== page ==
When the state of Rhode Island offered up $38 million in June to the owners of the Triple-A Pawtucket Red Sox toward a new stadium, it seemed likely to be the first step on the road to a replacement for the beloved-but-modern-kitchenless 76-year-old McCoy Stadium. Sure, the PawSox owners had balked at some elements of the plan—for one, the state had declined to guarantee it would dig up additional cash if the provided tax subsidies fell short—but they had few other options: They needed to stay close to the parent club in Boston, and the only other likely candidate city, Worcester, Mass., had hired as a consultant renowned Smith College economist Andrew Zimbalist. And surely the man who literally wrote the book on the stadium scam wouldn’t tell Worcester to bust open its piggy bank to steal away the PawSox, right?
It didn’t quite work out that way.
On August 17, as the PawSox announced they will be leaving Pawtucket after 50 years, Worcester city manager Edward Augustus announced a plan to build a new $90 million (plus land costs) ballpark, to be accompanied by 18 acres of retail, housing, and hotels. The stadium would be funded with $106 million in city bonds: The team would pay off $36 million of that via upfront payments and future rent, but the other $70 million would come entirely from city tax money.
According to sports economist Victor Matheson, who himself teaches in Worcester at the College of the Holy Cross, the new home of the WooSox would be “in nominal terms the most expensive minor league baseball park ever built.” Adjusted for inflation, he calculates, it would be the third-priciest ever; and the $70 million public subsidy (not counting $35 million in state cash for parking garages, road work, and other “infrastructure”) would be the fourth-largest in history, behind only the more populous cities Buffalo, Memphis, and Nashville.
The Worcester gratuity was a stunning turnabout in a world where sports subsidies had seemed like they might finally be on the wane, and it was nearly universally panned by experts in the sports economics field. After Worcester issued its stadium plan, the Worcester Business Journal polled nine economists—plus, for some reason, me—to ask what they thought of the proposal. Among the collected comments: “It virtually never works.” “This is not a good thing for local governments to be doing.” “You better have a Plan B in place.” Only one expressed confidence that it would turn out well for the city, and that one was Zimbalist.
Zimbalist has since defended himself, penning a “guest column” for the Worcester Telegram in which he asserted that this project is different because it will be “both a ballpark and an economic development initiative.” While economists, when pressed, say that while they don’t necessarily agree with their colleague—some disagreeing more strenuously than others—this isn’t quite as simple as a disinterested economic researcher selling his soul so he can buy a new deck for his house.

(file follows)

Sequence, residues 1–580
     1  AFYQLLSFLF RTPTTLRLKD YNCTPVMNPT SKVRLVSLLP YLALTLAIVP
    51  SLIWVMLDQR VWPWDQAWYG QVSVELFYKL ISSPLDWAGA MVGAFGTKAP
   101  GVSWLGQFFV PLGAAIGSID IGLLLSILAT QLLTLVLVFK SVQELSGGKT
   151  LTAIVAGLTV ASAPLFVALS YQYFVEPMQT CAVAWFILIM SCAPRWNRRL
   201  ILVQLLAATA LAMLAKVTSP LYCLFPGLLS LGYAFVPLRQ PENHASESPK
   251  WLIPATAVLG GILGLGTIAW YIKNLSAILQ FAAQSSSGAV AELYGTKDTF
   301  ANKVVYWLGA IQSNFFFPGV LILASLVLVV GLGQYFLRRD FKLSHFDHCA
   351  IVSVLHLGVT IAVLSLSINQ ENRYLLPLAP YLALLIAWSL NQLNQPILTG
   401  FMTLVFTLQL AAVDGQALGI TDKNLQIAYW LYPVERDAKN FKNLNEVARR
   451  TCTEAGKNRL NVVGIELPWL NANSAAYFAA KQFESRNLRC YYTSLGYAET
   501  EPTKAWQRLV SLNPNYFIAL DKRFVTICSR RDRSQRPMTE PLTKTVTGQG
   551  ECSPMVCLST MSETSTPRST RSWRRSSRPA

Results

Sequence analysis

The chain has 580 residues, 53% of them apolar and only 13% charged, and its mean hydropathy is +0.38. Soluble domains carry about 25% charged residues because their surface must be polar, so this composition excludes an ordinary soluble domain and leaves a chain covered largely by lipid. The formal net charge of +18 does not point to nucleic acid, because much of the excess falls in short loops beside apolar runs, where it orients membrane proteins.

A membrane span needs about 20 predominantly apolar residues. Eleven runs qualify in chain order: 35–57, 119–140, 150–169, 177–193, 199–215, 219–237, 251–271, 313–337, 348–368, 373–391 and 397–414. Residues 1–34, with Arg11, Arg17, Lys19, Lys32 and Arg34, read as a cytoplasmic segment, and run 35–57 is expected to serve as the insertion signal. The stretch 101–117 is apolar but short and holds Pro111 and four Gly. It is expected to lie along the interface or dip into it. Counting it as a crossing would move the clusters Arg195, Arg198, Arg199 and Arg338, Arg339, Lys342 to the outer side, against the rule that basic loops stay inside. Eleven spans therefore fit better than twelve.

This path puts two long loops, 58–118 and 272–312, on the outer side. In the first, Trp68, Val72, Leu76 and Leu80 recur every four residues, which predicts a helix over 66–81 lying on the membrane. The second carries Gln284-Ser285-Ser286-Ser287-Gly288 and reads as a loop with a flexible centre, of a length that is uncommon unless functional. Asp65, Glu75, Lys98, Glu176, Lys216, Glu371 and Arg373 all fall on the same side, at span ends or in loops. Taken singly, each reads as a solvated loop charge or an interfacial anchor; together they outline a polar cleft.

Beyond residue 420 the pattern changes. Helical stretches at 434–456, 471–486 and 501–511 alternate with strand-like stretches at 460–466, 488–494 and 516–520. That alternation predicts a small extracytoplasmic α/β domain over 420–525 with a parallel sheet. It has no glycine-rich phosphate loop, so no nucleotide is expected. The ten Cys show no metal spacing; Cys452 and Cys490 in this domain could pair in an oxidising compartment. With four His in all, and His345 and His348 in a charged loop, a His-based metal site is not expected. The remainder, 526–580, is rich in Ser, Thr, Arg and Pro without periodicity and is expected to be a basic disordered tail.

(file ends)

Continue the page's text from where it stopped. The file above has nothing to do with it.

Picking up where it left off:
“To the extent that he is being hired as a consultant, I think he did a much more conservative and realistic job than most hired guns are going to do,” says Matheson. Zimbalist didn’t, for example, spin out visions of people eating out at restaurants more just because they’re going to see more sporting events, or issue a report on a soccer stadium where two-thirds of its projected benefits turned out to be a bookkeeping error.
That said, Matheson remains fairly steamed at his colleague for lending his spreadsheet chops to the cause of justifying public spending on a private stadium. “If you’re going to say something bad, it’s that he did serve a bit as an enabler,” he says. “Andy is using his credentials and his prominence to basically give cover to the Worcester city council and Ed Augustus to go forward with this project.”
Andrew Zimbalist was not the first economist to tackle the dubious rewards of sinking public money into sports stadiums—that was arguably Robert Baade, who all the way back in 1990 surveyed 30 cities and found that in 27 of them there was no measurable effect on economic activity, while in the other three cities the new venues appeared to have hurt the local economy. But Zimbalist was absolutely the most famous, at least so far as any academic economists ever find fame. He’d co-edited one of the premier books on sports economics, Sports, Jobs & Taxes; he’d joined a group that during the 1994 baseball strike tried to launch a rival major league featuring collective player ownership; and he had an affection for the microphone and the camera, with a knack for explaining complex economic principles in lay terms.
But academic economists, it may shock you to learn, do not live on tenure alone. They also take on consulting jobs, issuing reports and testifying before city councils on the merits or lack thereof of proposed development projects.
Zimbalist’s first prominent client was Bruce Ratner, the nebbish-out-of-water real estate developer who bought the New Jersey Nets in 2004 with plans to move them to a new arena in Brooklyn. For his fee, Zimbalist wrote a report determining that while the arena would be a money-loser for New York taxpayers, the surrounding housing development would more than make up for it, supplying over $1 billion in new tax revenues.
“I would never have undertaken this exercise,” Washington State University sports economist Rod Fort told me at the time. “In essence, Andy is trying to forecast 33 years hence, and he’s forecasting housing markets, which there are other people spending all their waking moments on. What you see is assumption after assumption after assumption after assumption.” Two economists working with a community group that opposed the Nets arena issued their own analysis critiquing Zimbalist’s figures as hogwash; the city Independent Budget Office issued a study reiterating that the arena wouldn’t pay off its city subsidies, and the economics of the housing component were too hard to determine thanks to the “considerable uncertainty” of when construction would be completed. (Fourteen years later, barely 20 percent of the promised apartments have been built.)